Brooklyn State Senator Julia Salazar, who creamed an incumbent Democrat on the way to winning a seat in Albany last summer, submitted her first housing bill on Wednesday, in a move that would pave the way for “universal rent control” in New York State.
The “good cause” eviction bill is a proposed amendment to the state’s real property law and would prevent tenants in nearly any market-rate apartment from being evicted for not paying an “unconscionable” increase in rent.
Unconscionable is defined as an annual increase of more than 150 percent of the regional Consumer Price Index, as it stands in the month of August of the preceding year. In August of last year, New York City CPI was 2.2 percent, according to the Bureau of Labor Statistics. The Salazar bill could effectively cap rent increases this year at just 3.3 percent at virtually every unregulated New York City rental apartment, and by similar amounts elsewhere. Any increase higher than that, according to the bill, would require justification.
Salazar did not immediately return a request for comment. The bill was referred to the Senate’s judiciary committee, which is chaired by Manhattan State Senator Brad Hoylman. In a statement, Hoylman told The Real Deal he is cosponsoring Salazar’s bill and will support it in committee. “In 2017, landlords filed 230,000 residential eviction petitions in New York City’s housing court. That’s 230,000 households who landlords tried to force out of their homes,” Hoylman said. He did not specifically address the rent control aspect, however.
While it’s unclear if passage of the new law would prevent landlords from charging increases over 150 percent of CPI, it would at least seem to keep tenants from being evicted for any nonpayment.
“There is no dispute that the tenant owes the rent that the free market tenant agreed to pay; but, the bill [would] now effectively modify the lease agreement,” landlord attorney Sherwin Belkin told TRD, reacting to the language in the bill.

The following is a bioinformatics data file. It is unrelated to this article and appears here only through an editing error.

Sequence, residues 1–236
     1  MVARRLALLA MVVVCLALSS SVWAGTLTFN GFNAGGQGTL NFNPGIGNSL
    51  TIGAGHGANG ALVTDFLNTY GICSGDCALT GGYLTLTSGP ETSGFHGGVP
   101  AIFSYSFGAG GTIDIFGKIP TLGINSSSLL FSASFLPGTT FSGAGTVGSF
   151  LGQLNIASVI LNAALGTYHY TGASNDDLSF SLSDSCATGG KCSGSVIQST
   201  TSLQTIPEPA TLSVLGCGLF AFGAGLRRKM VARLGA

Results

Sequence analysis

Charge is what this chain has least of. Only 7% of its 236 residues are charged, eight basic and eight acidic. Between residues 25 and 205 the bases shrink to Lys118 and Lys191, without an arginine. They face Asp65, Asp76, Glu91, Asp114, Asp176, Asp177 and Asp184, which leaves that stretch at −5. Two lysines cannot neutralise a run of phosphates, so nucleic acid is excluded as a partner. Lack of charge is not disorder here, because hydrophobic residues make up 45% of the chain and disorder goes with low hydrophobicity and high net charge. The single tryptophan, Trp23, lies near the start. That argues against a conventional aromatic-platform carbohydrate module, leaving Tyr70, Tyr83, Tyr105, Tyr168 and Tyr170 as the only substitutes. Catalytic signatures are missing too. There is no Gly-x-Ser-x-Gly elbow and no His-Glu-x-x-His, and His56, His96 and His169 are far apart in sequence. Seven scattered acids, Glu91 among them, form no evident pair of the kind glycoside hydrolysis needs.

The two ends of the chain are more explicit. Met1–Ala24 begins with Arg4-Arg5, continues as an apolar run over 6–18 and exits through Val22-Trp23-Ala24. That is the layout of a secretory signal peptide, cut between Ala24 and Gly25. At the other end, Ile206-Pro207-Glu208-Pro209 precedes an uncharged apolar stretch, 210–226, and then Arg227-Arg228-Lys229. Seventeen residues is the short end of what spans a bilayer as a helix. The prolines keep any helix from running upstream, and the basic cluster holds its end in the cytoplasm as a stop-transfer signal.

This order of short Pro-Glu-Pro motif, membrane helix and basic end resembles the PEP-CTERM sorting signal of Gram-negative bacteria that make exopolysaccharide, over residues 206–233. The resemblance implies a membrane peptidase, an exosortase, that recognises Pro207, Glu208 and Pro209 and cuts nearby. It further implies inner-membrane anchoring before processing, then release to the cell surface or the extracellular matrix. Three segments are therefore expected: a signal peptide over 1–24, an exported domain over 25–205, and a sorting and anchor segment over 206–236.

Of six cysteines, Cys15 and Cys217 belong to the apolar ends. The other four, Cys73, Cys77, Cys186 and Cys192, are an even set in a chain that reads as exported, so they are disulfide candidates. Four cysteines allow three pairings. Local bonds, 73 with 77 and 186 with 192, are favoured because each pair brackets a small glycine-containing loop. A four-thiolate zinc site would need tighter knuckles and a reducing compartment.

The “rebuttable presumption” provision in Salazar’s proposal mirrors other recent legislative attempts to regulate New York City housing, such as a city council bill passed in 2017, that requires landlords to prove certain acts, such as a discontinuation of services in rent-stabilized buildings, were not done for the purposes of harassing tenants.
Still less than a month into the 2019 session, the Senate Democrats carry a 17-seat majority in Albany and are expected to roll out a number of housing reforms over the next five months, especially ones focused on rent-stabilization in New York City. Those proposals will likely include the repeal of vacancy rent increases and limits on rent increases obtained from building improvements. The city’s rent laws expire this June and will also need to be reauthorized.
Salazar, who defeated Senator Martin Dilan by more than 17 points this past September, campaigned on universal rent control, or an expansion of New York City-style rent protections to the entire state, and other tenant issues. She refused to take campaign contributions from the real estate industry.
A rent control ballot measure was recently defeated in California, though organizers are likely to take the issue up again. In Illinois, legislators are also gearing up to present a rent control bill.